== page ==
1996-01-31 - Re: Java Sniffer (Was: Re: FV Announces That The Sky Is Falling)

Header Data

From: Rich Graves <llurch@networking.stanford.edu>
To: Louis Freeh <cypherpunks@toad.com>
Message Hash: 561ace1dca7ae5b538a4935bc3588aac859d090295bf33b4cfa4712431170556
Message ID: <Pine.ULT.3.91.960129221006.6235h-100000@Networking.Stanford.EDU>
Reply To: <199601300412.XAA23037@opine.cs.umass.edu>
UTC Datetime: 1996-01-31 08:55:46 UTC
Raw Date: Wed, 31 Jan 1996 16:55:46 +0800

Raw message

From: Rich Graves <llurch@networking.stanford.edu>
Date: Wed, 31 Jan 1996 16:55:46 +0800
To: Louis Freeh <cypherpunks@toad.com>
Subject: Re: Java Sniffer (Was: Re: FV Announces That The Sky Is Falling)
In-Reply-To: <199601300412.XAA23037@opine.cs.umass.edu>
Message-ID: <Pine.ULT.3.91.960129221006.6235h-100000@Networking.Stanford.EDU>
MIME-Version: 1.0
Content-Type: text/plain

On Mon, 29 Jan 1996, Futplex wrote:

> Tim Philp writes:
> > I have been wondering about the possibility of using a JAVA applet to do 
> > keyboard sniffing. As I am not familiar with this language, does anyone 
> > know if this would be possible?
> program. I don't see how you could build a keyboard sniffer in Java unless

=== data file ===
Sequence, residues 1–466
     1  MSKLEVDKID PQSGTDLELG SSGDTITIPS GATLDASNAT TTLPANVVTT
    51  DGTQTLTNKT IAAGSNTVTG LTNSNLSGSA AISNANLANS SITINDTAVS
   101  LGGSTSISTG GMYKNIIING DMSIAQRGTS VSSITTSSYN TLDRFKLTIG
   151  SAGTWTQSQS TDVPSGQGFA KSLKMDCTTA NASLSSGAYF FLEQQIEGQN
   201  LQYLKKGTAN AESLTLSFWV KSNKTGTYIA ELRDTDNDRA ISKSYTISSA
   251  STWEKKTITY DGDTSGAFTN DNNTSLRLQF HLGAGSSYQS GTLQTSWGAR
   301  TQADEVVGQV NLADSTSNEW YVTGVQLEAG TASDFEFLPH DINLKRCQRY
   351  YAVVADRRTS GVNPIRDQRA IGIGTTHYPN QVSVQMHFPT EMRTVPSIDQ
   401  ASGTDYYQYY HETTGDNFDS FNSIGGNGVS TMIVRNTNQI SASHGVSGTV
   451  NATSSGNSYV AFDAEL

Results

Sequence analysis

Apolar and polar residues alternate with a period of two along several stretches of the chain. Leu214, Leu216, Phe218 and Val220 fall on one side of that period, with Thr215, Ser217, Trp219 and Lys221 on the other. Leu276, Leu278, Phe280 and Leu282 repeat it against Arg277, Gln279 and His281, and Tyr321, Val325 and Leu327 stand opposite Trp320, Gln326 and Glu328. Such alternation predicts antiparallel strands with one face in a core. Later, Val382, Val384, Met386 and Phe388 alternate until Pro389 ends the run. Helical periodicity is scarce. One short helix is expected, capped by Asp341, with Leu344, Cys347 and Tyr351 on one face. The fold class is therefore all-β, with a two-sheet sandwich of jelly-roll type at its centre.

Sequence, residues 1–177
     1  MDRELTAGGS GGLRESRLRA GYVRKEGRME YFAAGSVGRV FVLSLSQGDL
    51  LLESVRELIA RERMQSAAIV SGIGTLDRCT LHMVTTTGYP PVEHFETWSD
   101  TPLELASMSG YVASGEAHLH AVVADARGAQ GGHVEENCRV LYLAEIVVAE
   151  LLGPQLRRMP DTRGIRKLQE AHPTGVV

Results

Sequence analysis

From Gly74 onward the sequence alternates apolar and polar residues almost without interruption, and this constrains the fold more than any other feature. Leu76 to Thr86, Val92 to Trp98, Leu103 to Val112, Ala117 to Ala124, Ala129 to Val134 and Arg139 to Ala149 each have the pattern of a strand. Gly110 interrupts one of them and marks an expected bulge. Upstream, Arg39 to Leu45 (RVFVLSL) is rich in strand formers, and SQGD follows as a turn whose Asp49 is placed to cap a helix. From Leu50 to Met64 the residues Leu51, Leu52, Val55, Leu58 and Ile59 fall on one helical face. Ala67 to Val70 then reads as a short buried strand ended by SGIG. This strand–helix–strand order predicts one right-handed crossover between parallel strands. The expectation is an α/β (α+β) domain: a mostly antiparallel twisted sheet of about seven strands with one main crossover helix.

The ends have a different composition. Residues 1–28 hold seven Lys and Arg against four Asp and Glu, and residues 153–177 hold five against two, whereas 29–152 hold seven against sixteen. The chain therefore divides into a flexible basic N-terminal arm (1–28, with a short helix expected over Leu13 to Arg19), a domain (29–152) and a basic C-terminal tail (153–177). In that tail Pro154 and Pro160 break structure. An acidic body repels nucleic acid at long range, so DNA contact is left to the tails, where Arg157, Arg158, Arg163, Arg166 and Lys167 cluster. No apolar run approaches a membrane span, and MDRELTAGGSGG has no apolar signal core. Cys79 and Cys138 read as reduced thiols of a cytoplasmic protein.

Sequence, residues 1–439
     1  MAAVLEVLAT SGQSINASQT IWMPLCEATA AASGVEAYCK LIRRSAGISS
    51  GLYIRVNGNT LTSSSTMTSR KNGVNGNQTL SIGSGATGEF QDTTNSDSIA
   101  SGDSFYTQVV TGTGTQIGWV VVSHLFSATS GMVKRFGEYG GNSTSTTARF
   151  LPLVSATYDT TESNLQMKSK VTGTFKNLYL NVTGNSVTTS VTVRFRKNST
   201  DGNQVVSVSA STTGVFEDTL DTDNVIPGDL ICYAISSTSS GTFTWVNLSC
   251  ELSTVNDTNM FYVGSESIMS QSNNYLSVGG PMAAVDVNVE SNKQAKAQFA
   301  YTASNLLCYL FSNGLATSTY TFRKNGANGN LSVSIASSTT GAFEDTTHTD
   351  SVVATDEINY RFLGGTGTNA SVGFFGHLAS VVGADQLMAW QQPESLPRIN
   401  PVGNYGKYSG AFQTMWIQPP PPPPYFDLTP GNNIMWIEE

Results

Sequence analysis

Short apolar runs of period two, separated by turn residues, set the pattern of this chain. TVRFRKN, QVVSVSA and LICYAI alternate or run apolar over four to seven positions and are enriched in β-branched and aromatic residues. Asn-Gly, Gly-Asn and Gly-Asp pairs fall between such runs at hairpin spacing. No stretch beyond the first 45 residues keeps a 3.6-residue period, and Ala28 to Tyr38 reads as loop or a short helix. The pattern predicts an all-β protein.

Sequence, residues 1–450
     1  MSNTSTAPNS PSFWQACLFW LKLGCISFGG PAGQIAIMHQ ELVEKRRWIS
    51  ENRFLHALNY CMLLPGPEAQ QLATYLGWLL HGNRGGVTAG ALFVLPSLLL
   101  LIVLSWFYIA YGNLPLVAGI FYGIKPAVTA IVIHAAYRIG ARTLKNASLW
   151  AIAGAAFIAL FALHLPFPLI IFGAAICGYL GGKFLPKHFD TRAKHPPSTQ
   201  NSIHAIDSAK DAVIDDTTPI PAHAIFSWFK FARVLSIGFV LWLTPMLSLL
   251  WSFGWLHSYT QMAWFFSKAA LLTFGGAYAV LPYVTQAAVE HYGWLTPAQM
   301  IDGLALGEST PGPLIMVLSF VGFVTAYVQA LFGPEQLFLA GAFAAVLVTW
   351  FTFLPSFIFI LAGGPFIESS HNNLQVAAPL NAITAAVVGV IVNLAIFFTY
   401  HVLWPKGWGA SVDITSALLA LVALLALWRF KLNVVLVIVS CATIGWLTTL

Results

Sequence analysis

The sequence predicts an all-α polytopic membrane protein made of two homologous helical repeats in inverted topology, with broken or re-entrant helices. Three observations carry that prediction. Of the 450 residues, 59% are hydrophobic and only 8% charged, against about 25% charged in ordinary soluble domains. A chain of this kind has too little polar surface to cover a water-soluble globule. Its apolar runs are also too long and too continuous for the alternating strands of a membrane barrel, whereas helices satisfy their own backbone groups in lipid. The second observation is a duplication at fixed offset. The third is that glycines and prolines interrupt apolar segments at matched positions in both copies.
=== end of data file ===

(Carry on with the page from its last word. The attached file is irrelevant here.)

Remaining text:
> you could somehow trick the interpreter into feeding an input stream to an
> additional process. 
> Much more likely, IMHO, than a Java sniffer is a Java Trojan horse that pops 
> up an innocuous dialog box and asks you to enter some sensitive piece of
> information, then sends it off somewhere. About all it takes to write that is
> a modicum of skill in user interface design. You could write it in any 
> programming language, but in Java it may be particularly effective, since 
> people may come to expect to be prompted for sensitive info over the net by 
> Java apps.

Hmm. Actually, what do Java dialog prompts look like? Is there any
indication that they come from Java, or can they be made to look like any
dialog from any program, or the OS itself? I suppose this is

One "neat" trick would be an applet that sleeps for several minutes and 
then suddenly pops up asking for your system password, or something. 
A heck of a lot of people fell for something much more primitive at AOL.